- Laughter triggers the release of a cocktail of happy chemicals that boosts the immune responses, particularly components related to anti-viral and anti-tumor defenses.
- Laughter boosts secretion of growth hormone, an enhancer of key immune responses.
- Laughing leads to the release of endorphins, a natural opiate that has been scientifically shown to carry messages of attachment and bonding (the scientific terms for love), and to stimulate feelings of caring and forgiveness in addition to acting as a natural painkiller.
- Laughter stimulates circulation and aids muscle relaxation, both of which help reduce some of the physical symptoms of stress.
- Laughter can help you learn. This theory is held by many learning experts and leaders.
I’m quite certain that the younger Maya didn’t know the science of it all, but she learned that laughter helps you find a way forward when you feel like there is no way.
5. Be a blessing to someone.
Be a rainbow in someone’s cloud. We may not speak the same language or dance the same dance, but be a blessing to someone.
After a childhood rape, Maya Angelou stopped speaking for five years. When she stopped speaking, she started reading and the stories kept her afloat.
She knew what we all know: stories are important. They are our friends when we’re lonely, assurance when we’re scared, inspiration when we’re down. Stories are a gift and many of us write to pay that gift forward.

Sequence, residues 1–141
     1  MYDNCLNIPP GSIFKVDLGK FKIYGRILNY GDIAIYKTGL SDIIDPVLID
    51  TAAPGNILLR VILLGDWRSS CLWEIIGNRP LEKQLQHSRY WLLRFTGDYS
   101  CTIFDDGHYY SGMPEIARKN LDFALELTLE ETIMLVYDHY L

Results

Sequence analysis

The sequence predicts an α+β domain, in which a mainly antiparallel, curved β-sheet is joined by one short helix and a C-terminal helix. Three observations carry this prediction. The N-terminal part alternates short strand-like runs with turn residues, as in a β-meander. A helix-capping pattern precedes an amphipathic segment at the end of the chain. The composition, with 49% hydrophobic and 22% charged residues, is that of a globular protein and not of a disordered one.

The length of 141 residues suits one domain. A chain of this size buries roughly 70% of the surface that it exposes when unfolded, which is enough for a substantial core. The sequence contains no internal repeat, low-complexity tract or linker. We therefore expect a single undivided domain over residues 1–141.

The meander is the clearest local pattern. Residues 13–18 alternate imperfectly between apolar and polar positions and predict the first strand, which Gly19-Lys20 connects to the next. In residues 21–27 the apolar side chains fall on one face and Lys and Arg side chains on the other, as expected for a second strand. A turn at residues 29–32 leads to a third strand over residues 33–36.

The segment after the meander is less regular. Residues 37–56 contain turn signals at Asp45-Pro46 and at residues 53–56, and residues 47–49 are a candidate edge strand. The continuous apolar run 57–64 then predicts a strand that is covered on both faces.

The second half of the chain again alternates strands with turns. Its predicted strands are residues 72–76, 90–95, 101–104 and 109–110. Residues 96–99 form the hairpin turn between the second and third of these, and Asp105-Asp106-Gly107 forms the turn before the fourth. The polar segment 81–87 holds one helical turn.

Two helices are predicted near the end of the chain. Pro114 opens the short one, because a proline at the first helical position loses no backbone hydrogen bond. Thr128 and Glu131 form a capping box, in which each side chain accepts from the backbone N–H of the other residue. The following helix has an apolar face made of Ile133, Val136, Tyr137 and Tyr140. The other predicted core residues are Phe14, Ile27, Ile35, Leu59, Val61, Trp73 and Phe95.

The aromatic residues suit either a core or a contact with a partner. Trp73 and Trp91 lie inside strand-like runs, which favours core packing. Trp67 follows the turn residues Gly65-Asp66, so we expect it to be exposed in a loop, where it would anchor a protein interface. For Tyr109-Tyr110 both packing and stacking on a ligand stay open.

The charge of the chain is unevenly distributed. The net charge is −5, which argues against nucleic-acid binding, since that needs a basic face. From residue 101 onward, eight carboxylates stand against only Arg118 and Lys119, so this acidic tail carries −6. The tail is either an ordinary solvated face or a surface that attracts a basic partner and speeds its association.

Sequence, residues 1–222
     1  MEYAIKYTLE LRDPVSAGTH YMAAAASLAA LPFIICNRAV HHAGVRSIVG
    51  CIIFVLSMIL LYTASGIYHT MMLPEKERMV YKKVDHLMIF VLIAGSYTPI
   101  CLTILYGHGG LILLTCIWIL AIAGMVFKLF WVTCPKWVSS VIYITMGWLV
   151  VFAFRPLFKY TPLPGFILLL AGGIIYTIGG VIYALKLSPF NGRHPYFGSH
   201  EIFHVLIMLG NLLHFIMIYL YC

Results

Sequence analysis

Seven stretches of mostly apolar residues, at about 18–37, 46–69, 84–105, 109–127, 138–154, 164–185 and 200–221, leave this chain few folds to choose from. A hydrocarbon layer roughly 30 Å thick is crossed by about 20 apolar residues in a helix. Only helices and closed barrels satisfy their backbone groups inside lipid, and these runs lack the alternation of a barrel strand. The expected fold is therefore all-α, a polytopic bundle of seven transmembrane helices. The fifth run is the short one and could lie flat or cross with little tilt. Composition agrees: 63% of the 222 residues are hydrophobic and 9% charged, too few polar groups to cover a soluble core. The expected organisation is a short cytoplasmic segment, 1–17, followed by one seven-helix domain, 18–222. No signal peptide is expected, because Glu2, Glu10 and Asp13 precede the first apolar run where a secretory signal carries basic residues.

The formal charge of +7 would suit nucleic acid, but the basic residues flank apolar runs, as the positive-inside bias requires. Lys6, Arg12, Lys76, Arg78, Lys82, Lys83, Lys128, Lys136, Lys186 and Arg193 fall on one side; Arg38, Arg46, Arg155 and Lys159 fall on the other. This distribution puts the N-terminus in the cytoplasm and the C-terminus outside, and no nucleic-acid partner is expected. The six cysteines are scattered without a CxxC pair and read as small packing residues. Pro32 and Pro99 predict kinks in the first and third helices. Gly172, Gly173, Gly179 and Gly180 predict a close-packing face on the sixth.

Angelou quotes that speak to me as a writer:
“You alone are enough. You have nothing to prove to anybody.”
“A bird doesn’t sing because it has an answer, it sings because it has a song.”
“If you get, give. If you learn, teach.”
“When I am writing, I am trying to find out who I am, who we are, what we’re capable of, how we feel, how we lose and stand up, and go on from darkness into darkness. I’m trying for that. But I’m also trying for the language. I’m trying to see how it can really sound.”
“All great artists draw from the same resource: the human heart, which tells that we are all more alike than we are unalike.”
“If you are always trying to be normal, you will never know how amazing you can be.”
“My wish for you is that you continue. Continue to be who and how you are, to astonish a mean world with your acts of kindness.”
“Nothing can dim the light which shines from within.”
She exhorted all of us to “turn struggles into triumphs,” know you are talented, do your best and, most of all, “keep rising.”
From her poem, Still I Rise…
You may write me down in history
With your bitter, twisted lies,
You may tread me in the very dirt
But still, like dust, I’ll rise.
Do you have a Maya Angelou quote that particularly speaks to you? Or a quote from a different writing mentor. Who has been a rainbow in your cloud?
* * * * * *
About Jenny Hansen
By day, Jenny provides training and social media marketing for an accounting firm. By night she writes humor, memoir, women’s fiction and short stories. After 18 years as a corporate software trainer, she’s delighted to sit down while she works.